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International Financial Centre Profile

Contributed by A.C.T. - Offshore Limited
01 January, 2012

Contributed by A.C.T. - Offshore Limited. [www.actoffshore.com]
Email: email@actoffshore.com

Using a Seychelles entity a client can do almost anything they could do elsewhere for less cost and for less effort because regulations and procedures in Seychelles are straightforward and modern. International companies can be setup with the directors having extensive powers removing the need for frequent shareholder approval. Registrations and licencing are typically very fast and documents can quickly and easily be authenticated by notaries, the Supreme Court and by consulates and embassies.

Clients do not have to come to Seychelles to set up and administer their entities and bank accounts and there is no requirement to file annual returns and accounts for IBCs which means remaining in good standing with the Registrar usually involves the simple matter of paying the annual government fee. There is no requirement to have a corporate seal and this can further help to keep costs low. Other important advantages include good availability of names and the availability of ready-made or aged “shelf” companies.

Seychelles aims to give international clients the widest choice and room to maneuver once they are in the islands. Seychelles’s efforts to have more double taxation agreements (especially with African nations), the recent introduction of a Foundations Act, a Mutual Funds Act and a new Insurance Act clearly show its commitment to have a flexible regime. And Seychelles is also lucky to be in a good time zone to assist clients from Western Europe to the Far East during working hours.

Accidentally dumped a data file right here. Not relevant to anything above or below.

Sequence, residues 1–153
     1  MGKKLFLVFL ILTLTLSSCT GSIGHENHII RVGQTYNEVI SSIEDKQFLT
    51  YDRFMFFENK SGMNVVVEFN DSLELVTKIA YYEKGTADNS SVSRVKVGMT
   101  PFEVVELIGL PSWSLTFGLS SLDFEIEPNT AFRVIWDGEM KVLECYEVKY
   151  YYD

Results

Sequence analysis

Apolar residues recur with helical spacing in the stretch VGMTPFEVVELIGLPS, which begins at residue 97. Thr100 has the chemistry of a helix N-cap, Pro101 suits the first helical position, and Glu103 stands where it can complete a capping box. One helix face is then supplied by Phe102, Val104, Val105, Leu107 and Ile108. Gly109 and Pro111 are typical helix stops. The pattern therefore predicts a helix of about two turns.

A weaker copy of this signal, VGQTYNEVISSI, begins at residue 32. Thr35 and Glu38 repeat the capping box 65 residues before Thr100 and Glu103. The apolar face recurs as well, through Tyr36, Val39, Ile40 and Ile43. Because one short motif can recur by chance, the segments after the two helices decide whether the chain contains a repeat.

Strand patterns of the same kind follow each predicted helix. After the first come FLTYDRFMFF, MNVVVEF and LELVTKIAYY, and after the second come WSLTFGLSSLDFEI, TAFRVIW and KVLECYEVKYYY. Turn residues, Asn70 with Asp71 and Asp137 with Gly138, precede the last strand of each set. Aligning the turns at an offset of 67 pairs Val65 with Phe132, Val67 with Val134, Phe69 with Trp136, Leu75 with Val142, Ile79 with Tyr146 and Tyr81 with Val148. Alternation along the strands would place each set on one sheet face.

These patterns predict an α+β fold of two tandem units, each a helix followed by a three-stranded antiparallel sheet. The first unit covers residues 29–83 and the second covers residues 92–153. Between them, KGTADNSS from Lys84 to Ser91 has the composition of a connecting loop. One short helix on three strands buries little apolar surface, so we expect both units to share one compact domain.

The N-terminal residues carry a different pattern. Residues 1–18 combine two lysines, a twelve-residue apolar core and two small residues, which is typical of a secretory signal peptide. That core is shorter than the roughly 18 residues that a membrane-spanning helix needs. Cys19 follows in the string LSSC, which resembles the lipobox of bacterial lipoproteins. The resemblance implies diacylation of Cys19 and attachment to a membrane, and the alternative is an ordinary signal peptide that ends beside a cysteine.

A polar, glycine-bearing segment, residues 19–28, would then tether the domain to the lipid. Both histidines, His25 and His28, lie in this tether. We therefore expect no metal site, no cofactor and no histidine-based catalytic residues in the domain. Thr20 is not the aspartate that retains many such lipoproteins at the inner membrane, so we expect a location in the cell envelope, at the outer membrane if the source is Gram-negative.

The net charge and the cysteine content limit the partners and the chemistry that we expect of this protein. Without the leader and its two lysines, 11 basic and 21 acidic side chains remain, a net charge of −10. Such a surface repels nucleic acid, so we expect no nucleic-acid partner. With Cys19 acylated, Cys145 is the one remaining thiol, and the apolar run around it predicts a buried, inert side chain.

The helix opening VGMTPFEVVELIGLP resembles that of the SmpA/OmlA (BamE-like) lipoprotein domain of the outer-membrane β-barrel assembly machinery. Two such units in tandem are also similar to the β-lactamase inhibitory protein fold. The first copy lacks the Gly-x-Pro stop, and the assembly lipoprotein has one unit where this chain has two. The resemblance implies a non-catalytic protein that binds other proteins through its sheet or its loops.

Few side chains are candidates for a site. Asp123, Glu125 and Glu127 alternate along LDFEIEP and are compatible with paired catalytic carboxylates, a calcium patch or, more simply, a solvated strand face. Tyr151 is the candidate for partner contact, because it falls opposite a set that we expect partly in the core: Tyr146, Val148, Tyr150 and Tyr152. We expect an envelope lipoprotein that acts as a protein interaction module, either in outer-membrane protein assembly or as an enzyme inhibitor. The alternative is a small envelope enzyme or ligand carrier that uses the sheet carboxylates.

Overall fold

Politically the islands are very stable, especially with all parties in favor of developing the financial services industry further. There are no great worries of sudden and drastic changes in the operating environment because of a cautiously compliant approach adopted by the regulators and Government in responding to global pressures. With the political establishment giving full support to international business it is relatively easy to introduce new and innovative legislation, to improve existing legislation and to have more double taxation agreements. Service providers are allowed a strong input in the direction that the jurisdiction takes.

Very important in assessing Seychelles’s attractiveness as a fiduciary centre is its main corporate vehicle, the International Business Comapny (IBC). At the beginning of April 2010 there were almost 74,000 IBCs on the register and over the last 4 or 5 years Seychelles has been one of the fastest growing IBC jurisdictions. Growth is being driven by increasing demand for IBCs in Asia and by restrictions introduced by other jurisdictions on their own IBCs. The company with special licence (CSL) is proving to be popular as well and over 200 have been formed since its introduction in 2004. Unlike the IBC it is a Seychelles tax resident and can therefore also benefit from Seychelles’s growing network of double taxation agreements.

Fiduciary service providers in Seychelles are generally small and professional-owner managed businesses aiming to offer a fast, cost effective and personal service. The providers are therefore well-suited to service small and medium sized projects.